Covid Impact on Indian Economy

GDP growth after 2016 was on the downslide. In FY-2019-20, it was about 4%, almost same as prevalent before 1991. In 2020-21, the GDP might contract by 8-10%. In the current year 2021-22, India was expecting GDP growth by 10-12%.

Now, the growth estimate is reduced by 0.5-1.5% from the aforesaid estimate. In coming days, it might be further reduced. It means that; the Real GDP by March-2022 might be lower than March-2020; that India can’t afford. It will cause huge job loss and enlarge the miseries of marginalized class.

Currently, most of the States are facing fiscal constraints and their borrowing powers are restricted. Central Government debt has also increased from 70% to 94% of GDP. Despite these constraints, in current year, India needs additional spending up to 4% of GDP (About 20-25% of combined revenue) for the health and income support to marginalized class. Considering high inflation (WPI) of about 7%, any further increase in the tax shall be counterproductive. In such a catch-22 situation, it is a great challenge before India for managing the health and economic crisis simultaneously.

After October-2020, several nations are facing second wave. Based upon the experience of Spanish flue in 1918, the experts were also predicting that; the second wave shall be highly aggressive.

But India ignored all such warnings and whistles blowing and became complacent. Anyway, let us do away with criticism. It is high time to take immediate actions. Local elections must be deferred and the State elections be completed in one go. Physical rallies be banned and virtual rally may be facilitated for all parties. It will demonstrate seriousness of the governance and send appropriate message to public.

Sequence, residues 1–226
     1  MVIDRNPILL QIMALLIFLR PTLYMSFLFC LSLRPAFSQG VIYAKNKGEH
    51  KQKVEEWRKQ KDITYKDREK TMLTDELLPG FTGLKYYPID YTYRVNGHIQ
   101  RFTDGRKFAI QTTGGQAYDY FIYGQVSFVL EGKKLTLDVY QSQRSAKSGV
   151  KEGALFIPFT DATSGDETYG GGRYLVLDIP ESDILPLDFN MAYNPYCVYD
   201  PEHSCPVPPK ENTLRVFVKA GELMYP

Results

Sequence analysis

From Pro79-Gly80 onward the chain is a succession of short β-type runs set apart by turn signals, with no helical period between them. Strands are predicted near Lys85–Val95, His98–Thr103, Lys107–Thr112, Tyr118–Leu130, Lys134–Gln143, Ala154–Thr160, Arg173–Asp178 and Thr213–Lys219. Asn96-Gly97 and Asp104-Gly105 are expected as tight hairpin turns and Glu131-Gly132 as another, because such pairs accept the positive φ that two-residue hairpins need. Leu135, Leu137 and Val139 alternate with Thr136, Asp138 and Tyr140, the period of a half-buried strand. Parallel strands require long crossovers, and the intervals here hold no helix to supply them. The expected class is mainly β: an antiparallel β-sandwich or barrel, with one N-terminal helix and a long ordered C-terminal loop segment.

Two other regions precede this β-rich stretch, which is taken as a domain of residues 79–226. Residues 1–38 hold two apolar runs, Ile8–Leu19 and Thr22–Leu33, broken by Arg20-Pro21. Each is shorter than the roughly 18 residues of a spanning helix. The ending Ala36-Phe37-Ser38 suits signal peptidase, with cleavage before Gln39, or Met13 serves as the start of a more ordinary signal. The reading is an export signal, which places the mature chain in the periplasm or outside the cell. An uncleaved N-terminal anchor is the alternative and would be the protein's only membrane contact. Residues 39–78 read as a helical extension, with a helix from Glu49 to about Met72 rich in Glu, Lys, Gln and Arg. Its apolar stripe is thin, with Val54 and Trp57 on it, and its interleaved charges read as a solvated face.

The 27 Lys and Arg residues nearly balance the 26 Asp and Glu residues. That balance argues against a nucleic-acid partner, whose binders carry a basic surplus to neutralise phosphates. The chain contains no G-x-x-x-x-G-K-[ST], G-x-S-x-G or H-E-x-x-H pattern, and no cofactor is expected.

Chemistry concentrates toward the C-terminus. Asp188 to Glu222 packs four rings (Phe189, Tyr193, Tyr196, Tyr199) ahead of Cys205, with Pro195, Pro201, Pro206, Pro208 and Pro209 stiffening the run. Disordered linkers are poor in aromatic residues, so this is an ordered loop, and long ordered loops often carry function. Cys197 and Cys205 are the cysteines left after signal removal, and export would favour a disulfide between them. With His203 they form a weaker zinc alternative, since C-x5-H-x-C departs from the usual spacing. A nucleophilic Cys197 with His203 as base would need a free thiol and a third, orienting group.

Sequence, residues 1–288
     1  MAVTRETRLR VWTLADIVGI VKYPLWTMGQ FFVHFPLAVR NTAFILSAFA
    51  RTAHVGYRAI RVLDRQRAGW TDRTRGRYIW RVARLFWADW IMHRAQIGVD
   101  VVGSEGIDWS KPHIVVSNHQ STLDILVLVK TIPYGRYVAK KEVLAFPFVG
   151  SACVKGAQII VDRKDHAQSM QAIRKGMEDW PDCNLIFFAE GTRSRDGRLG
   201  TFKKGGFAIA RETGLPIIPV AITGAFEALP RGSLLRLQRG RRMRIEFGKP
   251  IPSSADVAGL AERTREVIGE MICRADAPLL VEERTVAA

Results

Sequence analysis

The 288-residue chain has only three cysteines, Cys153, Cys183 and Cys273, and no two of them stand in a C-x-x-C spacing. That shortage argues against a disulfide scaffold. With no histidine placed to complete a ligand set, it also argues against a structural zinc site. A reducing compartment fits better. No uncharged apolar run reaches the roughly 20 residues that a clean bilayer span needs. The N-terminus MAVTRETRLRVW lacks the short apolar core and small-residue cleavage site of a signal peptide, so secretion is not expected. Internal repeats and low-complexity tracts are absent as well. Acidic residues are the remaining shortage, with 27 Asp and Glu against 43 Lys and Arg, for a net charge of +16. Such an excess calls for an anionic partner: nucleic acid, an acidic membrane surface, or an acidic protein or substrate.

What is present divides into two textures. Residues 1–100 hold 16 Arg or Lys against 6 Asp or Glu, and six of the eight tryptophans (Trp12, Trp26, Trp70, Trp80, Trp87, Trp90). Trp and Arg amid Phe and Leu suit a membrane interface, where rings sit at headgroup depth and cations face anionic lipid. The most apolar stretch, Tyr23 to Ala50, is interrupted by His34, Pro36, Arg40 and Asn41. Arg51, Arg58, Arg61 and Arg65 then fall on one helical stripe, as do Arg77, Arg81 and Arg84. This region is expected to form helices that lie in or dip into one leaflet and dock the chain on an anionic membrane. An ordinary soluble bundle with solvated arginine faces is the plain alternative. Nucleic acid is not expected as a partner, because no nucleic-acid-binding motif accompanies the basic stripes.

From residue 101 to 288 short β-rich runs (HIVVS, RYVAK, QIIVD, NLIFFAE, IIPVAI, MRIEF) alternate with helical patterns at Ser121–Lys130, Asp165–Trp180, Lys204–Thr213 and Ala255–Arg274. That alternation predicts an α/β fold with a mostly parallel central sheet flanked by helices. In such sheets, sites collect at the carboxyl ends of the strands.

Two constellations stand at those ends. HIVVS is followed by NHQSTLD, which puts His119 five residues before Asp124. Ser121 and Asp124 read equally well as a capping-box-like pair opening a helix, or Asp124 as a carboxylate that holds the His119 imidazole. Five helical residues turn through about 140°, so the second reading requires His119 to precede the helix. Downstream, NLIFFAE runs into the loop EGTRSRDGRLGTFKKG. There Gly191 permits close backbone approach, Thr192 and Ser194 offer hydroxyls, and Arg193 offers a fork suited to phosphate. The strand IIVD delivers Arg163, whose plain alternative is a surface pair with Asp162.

Health emergency or natural calamity, as deemed fit, may be announced. Non-merit expenses may be stopped and the funds for health may be arranged and allocated immediately. Instead of impulsive and piecemeal decisions, the experts should draw an emergency plan for the next three months (up to june-2021) and various task forces may be engaged for the implementation.

The feedback from states and their involvement in planning is also crucial. For initial 3 months, the priority should be the health crisis and the marginalized workers. After rolling out 3 months plan, the medium term plan for the next 12 months may also be prepared focussing on the economic crisis.

The monetary stimulus should be liberally used by way of guarantees for the existing MSMEs. Through a combo of reforms and incentives, the “investment and export led demand” must be boosted. Some financial innovation may be adopted attracting the inflow of global funds in to debt and equity market besides FDI and disinvestment.

For all such actions, the centre must take a lead and ensure full support to the States and all political parties. Media’s responsibility and support at this juncture would definitely give impetus in the right earnest.

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